You can now read 5 articles in a month for free on BostonGlobe.com. Read as much as you want anywhere and anytime for just 99¢.

Job doc: Noncompete clauses complicate leaving

Q. I’m leaving my company, and they are putting together a severance package for me. I’m most concerned about my ability to find a new job and any restrictions my old employer may impose making finding a job more difficult. What should I be concerned about?

A. When someone receives a severance agreement from the organization they are leaving, the most common issues focus on salary, benefits, and job search support. Based on your concern about your severance agreement, I contacted Todd Bennett, a partner at the Cambridge law firm Bennett & Belfort PC. Bennett notes, “One important consideration is whether or not your former employer will ask to you abide by a restrictive covenant, such as a noncompete restriction. In Massachusetts, noncompete [agreements] are generally enforceable.’

Continue reading below

You might hope for a simple “yes” or “no” to determine whether a noncompete you are asked to sign is enforceable or not, but Bennett says the dreaded “It depends” typically applies. Some factors that courts will review in analyzing the enforceability of a noncompete, Bennett says, include whether the duties at the new job are similar to those at the old one, how much access you had to highly proprietary information, such as trade secrets, and how specialized your knowledge is in the industry.

In order to be enforceable, noncompete restrictions must be reasonable in both geographic scope and with respect to the duration of the restriction. Most courts will frown on a former employer who tries to use overly broad restrictions that may eliminate your chances of finding a job.

Potential legal claims against your former employer might create leverage for you to negotiate a more favorable noncompete, or it could stop or slow down your search. Review what you sign on the way in and the way out of any company to protect your career.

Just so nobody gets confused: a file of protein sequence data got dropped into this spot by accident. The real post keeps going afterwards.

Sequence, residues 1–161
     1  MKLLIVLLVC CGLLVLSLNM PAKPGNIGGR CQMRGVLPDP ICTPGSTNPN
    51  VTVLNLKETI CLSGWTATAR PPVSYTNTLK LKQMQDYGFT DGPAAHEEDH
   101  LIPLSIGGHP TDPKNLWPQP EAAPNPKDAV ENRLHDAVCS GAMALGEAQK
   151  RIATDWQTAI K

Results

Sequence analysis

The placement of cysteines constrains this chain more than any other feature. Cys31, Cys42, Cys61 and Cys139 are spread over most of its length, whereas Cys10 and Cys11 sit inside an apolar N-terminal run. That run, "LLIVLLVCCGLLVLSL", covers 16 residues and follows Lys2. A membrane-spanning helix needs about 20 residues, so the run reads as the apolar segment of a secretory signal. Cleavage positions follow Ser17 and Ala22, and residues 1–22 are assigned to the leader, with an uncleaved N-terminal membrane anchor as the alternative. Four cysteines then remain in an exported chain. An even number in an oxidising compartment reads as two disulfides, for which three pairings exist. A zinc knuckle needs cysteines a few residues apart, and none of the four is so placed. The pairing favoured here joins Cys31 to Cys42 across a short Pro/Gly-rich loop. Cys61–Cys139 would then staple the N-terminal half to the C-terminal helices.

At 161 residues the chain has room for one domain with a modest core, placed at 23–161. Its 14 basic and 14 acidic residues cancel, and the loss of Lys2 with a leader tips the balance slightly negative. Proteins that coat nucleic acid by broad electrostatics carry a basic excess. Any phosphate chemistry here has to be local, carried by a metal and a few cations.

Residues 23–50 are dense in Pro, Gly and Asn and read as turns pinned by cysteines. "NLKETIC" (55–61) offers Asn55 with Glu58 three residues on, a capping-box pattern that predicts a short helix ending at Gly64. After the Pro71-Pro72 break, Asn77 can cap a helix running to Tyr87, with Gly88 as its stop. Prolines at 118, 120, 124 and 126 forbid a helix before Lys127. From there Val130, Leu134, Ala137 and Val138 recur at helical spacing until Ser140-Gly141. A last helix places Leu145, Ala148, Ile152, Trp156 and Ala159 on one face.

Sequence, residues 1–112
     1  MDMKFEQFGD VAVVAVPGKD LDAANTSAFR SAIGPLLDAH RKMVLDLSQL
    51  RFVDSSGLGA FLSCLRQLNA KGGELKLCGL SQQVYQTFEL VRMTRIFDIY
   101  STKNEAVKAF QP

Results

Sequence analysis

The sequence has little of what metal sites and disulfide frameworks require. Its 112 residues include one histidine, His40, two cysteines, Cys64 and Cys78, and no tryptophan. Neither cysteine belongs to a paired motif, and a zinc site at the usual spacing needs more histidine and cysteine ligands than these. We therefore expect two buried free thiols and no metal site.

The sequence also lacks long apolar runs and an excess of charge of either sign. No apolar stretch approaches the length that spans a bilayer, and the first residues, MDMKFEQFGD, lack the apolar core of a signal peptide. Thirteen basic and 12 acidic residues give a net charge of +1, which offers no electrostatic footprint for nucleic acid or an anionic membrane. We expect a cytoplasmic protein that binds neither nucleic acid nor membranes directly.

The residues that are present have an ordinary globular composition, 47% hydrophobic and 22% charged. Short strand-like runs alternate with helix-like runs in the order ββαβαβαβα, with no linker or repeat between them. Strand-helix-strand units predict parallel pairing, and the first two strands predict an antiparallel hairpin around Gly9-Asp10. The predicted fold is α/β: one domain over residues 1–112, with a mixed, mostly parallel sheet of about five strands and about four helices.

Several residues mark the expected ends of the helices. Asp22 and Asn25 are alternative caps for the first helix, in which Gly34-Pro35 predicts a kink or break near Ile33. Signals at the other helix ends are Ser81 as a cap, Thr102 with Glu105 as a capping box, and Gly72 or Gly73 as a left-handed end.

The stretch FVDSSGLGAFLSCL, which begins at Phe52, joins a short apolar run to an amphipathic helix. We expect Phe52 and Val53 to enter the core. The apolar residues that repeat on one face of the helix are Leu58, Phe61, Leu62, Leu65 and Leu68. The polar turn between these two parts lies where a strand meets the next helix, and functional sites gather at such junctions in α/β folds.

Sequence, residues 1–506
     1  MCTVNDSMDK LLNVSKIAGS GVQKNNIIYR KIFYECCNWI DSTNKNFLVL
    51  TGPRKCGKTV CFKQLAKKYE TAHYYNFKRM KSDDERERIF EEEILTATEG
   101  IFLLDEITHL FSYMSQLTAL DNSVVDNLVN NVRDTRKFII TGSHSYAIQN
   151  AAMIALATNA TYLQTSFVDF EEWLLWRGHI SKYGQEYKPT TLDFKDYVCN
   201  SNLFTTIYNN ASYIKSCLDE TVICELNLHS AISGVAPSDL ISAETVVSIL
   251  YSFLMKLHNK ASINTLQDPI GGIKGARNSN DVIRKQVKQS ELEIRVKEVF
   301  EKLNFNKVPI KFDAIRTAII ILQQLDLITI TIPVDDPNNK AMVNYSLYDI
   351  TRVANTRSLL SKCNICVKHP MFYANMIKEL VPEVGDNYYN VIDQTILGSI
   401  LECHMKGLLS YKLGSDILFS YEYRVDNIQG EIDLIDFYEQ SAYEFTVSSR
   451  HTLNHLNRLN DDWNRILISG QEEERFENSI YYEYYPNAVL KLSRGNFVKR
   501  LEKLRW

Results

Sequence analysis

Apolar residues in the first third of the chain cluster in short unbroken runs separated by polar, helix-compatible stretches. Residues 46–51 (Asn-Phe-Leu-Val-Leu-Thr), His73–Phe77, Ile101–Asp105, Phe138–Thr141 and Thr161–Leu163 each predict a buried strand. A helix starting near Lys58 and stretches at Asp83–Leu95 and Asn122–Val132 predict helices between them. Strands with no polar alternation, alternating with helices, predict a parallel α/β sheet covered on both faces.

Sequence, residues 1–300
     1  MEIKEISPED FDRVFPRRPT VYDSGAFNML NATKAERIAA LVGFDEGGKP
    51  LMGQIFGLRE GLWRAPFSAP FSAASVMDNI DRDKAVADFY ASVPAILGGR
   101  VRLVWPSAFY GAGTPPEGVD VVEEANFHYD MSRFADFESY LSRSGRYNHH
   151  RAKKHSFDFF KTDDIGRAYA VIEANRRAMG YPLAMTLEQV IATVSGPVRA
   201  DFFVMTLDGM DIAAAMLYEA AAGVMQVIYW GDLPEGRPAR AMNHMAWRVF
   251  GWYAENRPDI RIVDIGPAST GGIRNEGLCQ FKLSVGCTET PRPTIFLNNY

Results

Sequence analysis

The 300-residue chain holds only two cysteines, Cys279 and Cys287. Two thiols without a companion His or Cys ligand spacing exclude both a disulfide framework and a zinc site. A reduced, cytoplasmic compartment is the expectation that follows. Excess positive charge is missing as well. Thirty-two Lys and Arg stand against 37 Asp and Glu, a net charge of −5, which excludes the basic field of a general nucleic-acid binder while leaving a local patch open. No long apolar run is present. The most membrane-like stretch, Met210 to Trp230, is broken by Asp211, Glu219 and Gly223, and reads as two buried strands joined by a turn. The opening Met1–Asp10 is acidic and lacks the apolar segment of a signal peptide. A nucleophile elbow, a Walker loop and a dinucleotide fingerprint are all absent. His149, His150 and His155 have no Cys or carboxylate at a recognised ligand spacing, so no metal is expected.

Elaine Varelas is managing partner at Keystone Partners, a career management firm in Boston and serves on the board of Career Partners International.
Loading comments...
Subscriber Log In

We hope you've enjoyed your 5 free articles'

Stay informed with unlimited access to Boston’s trusted news source.

  • High-quality journalism from the region’s largest newsroom
  • Convenient access across all of your devices
  • Today’s Headlines daily newsletter
  • Subscriber-only access to exclusive offers, events, contests, eBooks, and more
  • Less than 25¢ a week
Marketing image of BostonGlobe.com
Marketing image of BostonGlobe.com
Already a subscriber?
Your city. Your stories. Your Globe.
Yours FREE for two weeks.
Enjoy free unlimited access to Globe.com for the next two weeks.
Limited time only - No credit card required!
BostonGlobe.com complimentary digital access has been provided to you, without a subscription, for free starting today and ending in 14 days. After the free trial period, your free BostonGlobe.com digital access will stop immediately unless you sign up for BostonGlobe.com digital subscription. Current print and digital subscribers are not eligible for the free trial.
Thanks & Welcome to Globe.com
You now have unlimited access for the next two weeks.
BostonGlobe.com complimentary digital access has been provided to you, without a subscription, for free starting today and ending in 14 days. After the free trial period, your free BostonGlobe.com digital access will stop immediately unless you sign up for BostonGlobe.com digital subscription. Current print and digital subscribers are not eligible for the free trial.